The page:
The head of a German fund established to compensate victims of forced labor under the Nazis says he regrets an "ambiguous project publication" supported by the fund containing illustrations that "could be seen as containing anti-Semitic stereotypes."
Then I asked Çakirözer, from Turkey, what he liked best about America. He said it was something he had never seen in his country, and never seen in all the countries to which he'd traveled. Yet it was something that said a lot about the core values of a rich and prosperous nation.
"Black Book" is a first-class thriller, pitting the Dutch resistance against the Nazi occupiers in the waning months of World War II, and it holds plenty of unexpected plot twists.
There is a preconceived notion about the Los Angeles Jewish community being affluent, increasingly conservative and preoccupied with Israel to the exclusion of other issues.
When Tali Rosenthal moved to Los Angeles eight years ago, she landed in the Pico-Robertson neighborhood on the Westside. It was near her office, and besides, it was where many of Los Angeles' Orthodox singles live.
Alfred Uhry's "Without Walls," starring Laurence Fishburne, deals not only with race but also sexuality.
Larry David, the producer-writer-star of "Curb Your Enthusiasm" has just finished airing the fifth season of his HBO program. Many people find him hilarious. Others find him annoying in the extreme.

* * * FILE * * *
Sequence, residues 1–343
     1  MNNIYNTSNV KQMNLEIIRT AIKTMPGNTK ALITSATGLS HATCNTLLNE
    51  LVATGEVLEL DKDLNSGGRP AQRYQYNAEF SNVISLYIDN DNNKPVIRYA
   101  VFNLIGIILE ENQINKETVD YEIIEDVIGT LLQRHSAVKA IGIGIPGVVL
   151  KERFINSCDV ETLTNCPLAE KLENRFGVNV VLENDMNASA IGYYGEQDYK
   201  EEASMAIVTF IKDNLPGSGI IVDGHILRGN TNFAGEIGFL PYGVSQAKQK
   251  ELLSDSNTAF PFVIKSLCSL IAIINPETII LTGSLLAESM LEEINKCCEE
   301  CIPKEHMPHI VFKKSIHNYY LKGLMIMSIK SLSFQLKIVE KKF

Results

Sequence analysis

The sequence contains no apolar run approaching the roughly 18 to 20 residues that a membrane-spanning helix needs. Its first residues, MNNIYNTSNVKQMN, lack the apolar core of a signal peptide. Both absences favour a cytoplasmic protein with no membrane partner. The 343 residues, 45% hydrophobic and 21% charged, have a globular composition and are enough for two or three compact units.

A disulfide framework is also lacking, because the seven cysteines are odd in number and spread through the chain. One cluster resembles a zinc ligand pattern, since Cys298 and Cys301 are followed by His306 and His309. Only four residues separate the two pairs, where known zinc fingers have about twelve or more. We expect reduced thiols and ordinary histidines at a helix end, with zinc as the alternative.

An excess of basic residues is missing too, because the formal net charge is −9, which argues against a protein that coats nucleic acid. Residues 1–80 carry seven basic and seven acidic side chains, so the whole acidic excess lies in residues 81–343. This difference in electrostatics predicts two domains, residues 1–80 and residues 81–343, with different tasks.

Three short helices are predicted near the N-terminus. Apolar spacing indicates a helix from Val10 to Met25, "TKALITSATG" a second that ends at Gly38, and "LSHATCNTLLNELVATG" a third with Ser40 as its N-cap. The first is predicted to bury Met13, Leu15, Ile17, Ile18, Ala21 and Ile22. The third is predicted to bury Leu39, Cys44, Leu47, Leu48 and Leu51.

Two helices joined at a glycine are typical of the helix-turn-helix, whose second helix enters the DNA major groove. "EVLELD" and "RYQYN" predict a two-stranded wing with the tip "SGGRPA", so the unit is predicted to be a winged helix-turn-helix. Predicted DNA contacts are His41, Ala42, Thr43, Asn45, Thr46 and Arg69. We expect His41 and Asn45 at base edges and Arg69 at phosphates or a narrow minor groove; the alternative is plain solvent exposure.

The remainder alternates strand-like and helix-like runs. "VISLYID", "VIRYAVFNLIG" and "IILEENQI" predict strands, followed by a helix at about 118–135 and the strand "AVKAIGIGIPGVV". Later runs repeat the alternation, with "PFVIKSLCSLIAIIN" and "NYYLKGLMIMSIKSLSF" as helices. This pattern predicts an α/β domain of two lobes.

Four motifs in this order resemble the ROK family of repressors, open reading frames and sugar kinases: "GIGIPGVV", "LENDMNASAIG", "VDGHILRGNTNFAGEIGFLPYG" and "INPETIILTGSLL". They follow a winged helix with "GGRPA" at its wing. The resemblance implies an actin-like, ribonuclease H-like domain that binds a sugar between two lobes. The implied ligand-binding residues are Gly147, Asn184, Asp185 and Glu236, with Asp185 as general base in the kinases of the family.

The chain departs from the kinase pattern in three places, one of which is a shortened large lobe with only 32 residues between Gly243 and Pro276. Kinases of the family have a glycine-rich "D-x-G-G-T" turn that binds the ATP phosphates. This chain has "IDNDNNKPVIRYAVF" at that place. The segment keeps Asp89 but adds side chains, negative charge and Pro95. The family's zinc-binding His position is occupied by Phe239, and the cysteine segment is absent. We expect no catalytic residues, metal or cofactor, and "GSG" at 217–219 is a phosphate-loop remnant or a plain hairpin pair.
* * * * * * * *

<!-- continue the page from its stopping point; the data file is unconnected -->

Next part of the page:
It's official. According to VH-1, it is now hip to be Hebrew. The music television channel premieres "VH-1 All Access: So Jewtastic" on Dec. 19, making a case for the current trendiness of our tribe.
At last, the Sports Illustrated Swimsuit Model Calendar has some real competition -- some Jewish competition.
Time-honored Jewish stereotypes and caricatures have fallen on hard times in recent movies.
Oprah Winfrey is doing a show about "Ethnic Men Who Reject Their Own Women."
I thought about the implications: I take this tie, and my hands are tied. I'd forever have to remember that one night a Palestinian gave me an expensive tie, and that he was nice to me. I'd have to question all my stereotypes and generalizations, and recognize that there are good, normal, generous Palestinians who just want peace, who just want to be my friend, who just want some fun.
Jewish girl stereotypes get tossed -- including one you might have heard about them being prudes -- when "Nice Jewish Girls Gone Bad" makes its West Coast debut this Thursday night at Tangier.
As creator and emcee Susannah Perlman describes it, the variety show features comedy, spoken word, music and burlesque acts that speak to the Jewish condition, performed by women who have appeared on Comedy Central, HBO, MTV and late night television.
"West Bank Story" was one of a handful of Jewish-themed films screened at the Sundance Film Festival, which ended Sunday night in Park City, Utah. With the deafening chatter around this small town about which studio picked up which film for how many millions of dollars, it's hard to sniff out, not the hottest films -- but the most Jewish.
As the furor over the election dies down, with unseemly whining from sore losers and unseemly gloating from sore winners, certain stereotypes of Bush voters continue to command currency among disgruntled liberals. One of them is that Bush supporters, and conservatives in general, are dumb, ignorant and out of touch with reality.
A few weeks ago I had the privilege of spending some time with high-level members of the Knesset. Much was on the agenda: security, elections, the wall, the settlements and Madonna's proposed trip to Israel. These leaders were abuzz with the possibility that she would be coming to Israel and now that she has, I say to her, "You go, girl!"